Hello,I've been searching a month which formula should I use to test the public utilities for their financial condition. The sentence 'the debt should not exceed twice the stock equity (at book value)' is whether just pasted without explanation or said to be ambiguous. What exactly is 'debt'? 'Short-Term Debt'? 'Long-term Debt'? (the only two values containing the term 'debt' within the gurufocus definitions section). And what about 'book value': 'Tangible Book Value' or simply 'book value'? I ended up building the following formula: 0 ≤ Total Liabilities/ (Total Assets - Intangible Assets - Total Liabilities) ≤ 2 but I have doubts... I have just the feeling that no one understand it and everybody is avoiding the problem....Could you please help me to solve the problem?

Hello Francesca,

Graham always uses specific terms such as net tangible assets, Long-term debt etc wherever applicable. So it should be safe to assume that Graham means Book Value and Total Liabilities here.

The [2 x Equity] ÷ Debt rating on Serenity uses:
2 x (Total Assets - Total Liabilities) ÷ Total Liabilities

So for a Public Utility to qualify as Defensive, it would need to have:
Equity:Debt > 100%

Hello Serenity

Ok, so if a utility of financial enterprise clear the levels
1. Earnings Stability (100% ⇒ 10 Years):
2. Dividend Record (100% ⇒ 20 Years):
3. Earnings Growth (100% ⇒ 33% Growth):
4. [2 x Equity] ÷ Debt:
5. Size in Assets (100% ⇒ 250 Million):

What would one use for instrinsic value? Graham number? Enterprise number? NCAV number?

I'm in the middle of reading The Intelligent Investor... but I don't feel intelligent about this :).

I'll make a guess. IF the utility / financial enterprise passes the size in assets ($50 million then, $250 million now) then Graham number.
If it doesn't meet that first of criteria, but does meets these (essentially the Enterprising criteria, with the size factor removed):
1. Earnings stability: No deficit in the last five years covered in the Stock Guide. (no negative EPS)
2. Dividend record: Some current dividend.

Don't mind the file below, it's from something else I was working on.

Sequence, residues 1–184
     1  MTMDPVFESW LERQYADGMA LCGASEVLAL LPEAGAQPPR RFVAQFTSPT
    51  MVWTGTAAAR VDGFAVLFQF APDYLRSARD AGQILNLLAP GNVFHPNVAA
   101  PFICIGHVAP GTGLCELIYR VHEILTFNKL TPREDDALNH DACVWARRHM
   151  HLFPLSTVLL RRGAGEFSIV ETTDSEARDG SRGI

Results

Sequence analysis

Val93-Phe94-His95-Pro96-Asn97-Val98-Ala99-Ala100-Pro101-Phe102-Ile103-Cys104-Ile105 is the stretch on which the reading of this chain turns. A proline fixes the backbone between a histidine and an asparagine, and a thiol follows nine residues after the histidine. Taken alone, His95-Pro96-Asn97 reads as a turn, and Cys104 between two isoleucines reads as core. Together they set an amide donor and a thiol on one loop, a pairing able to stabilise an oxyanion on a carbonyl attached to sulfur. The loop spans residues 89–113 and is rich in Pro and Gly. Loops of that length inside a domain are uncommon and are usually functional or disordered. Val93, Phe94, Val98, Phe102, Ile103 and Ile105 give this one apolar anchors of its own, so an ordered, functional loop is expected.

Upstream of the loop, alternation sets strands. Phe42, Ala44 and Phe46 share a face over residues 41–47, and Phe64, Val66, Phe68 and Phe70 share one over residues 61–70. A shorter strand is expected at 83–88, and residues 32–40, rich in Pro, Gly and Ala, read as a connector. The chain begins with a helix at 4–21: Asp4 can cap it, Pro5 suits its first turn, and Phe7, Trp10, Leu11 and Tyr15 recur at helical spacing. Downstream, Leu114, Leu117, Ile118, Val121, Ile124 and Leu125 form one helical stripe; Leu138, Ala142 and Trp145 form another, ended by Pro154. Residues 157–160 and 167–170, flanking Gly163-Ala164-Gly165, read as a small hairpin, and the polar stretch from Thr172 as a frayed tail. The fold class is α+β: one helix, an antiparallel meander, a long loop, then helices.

3. Earnings growth: Last year's earnings more than those of 1966. (4 years ago)
4. Price: Less than 120% net tangible assets.
5. [2 x Equity] ÷ Debt:
then it's an Enterprising utility / financial enterprise, and should use the Serenity number.

If it doesn't meet even that criteria, then
[1.] price less than the applicable net current assets ( / shares outstanding)
[2.] Eliminated those which had reported net losses in the last 12-month period. (EPS (TTM) >0
Then the NCAV number is used. (and maybe there is a 4th level. 2/3 price as you mentioned elsewhere on your excellent site.)

Is my guess wildly off in your view? If yes, how do you determine the levels, and the intrinsic value, for a utility / financial sector?

I look forward to your answer.

T

Dear Tranquility,

Thank you for your comment!

The Intrinsic Value for Public-Utilities and Financial Enterprises too are determined based on the Graham Number, as described in the section on Advanced Filters in the main post above.

The rules for Utilities and Financials are simply a customization of Graham's standard Defensive rules, as described in the section on Sectors above.

Dear Serenity,

The utility criteria is very clear. However, I find the financials criteria to be more ambiguous.

Since with regards to financials, Graham's only comment is that:

"Investing in Stocks of Financial Enterprises... counsel that the same arithmetical standards for price in relation to earnings and book value be applied to the choice of companies in these groups as we have suggested for industrial and public-utility investments."

How do we know that the test for size in sales for financials should not also be applied? Why would it be the test for total assets?

Best,
Daniel

Dear Daniel,

Thank you for your thoughtful comment!

Graham writes:

"To be “large” in present-day terms a company should have $50 million of assets or do $50 million of business."

Chapter 5: The Defensive Investor and Common Stocks, The Intelligent Investor.

So it appears the two criteria are interchangeable for the most part.

Serenity uses the Size in Assets (100% ⇒ 250 Million) ≥ 100% here for Financial Enterprises, simply for the sake of uniformity; since Utilities and Financials already share commonalities with regards to Capital Structure.

But you're right!

Graham does not say anything specific on the matter and the default Size in Sales (100% ⇒ 500 Million) ≥ 100% criteria could just as well be used for Financial Enterprises. A note to that effect has been added on the main post as well.

Thank you again for your comment!

Graham Resources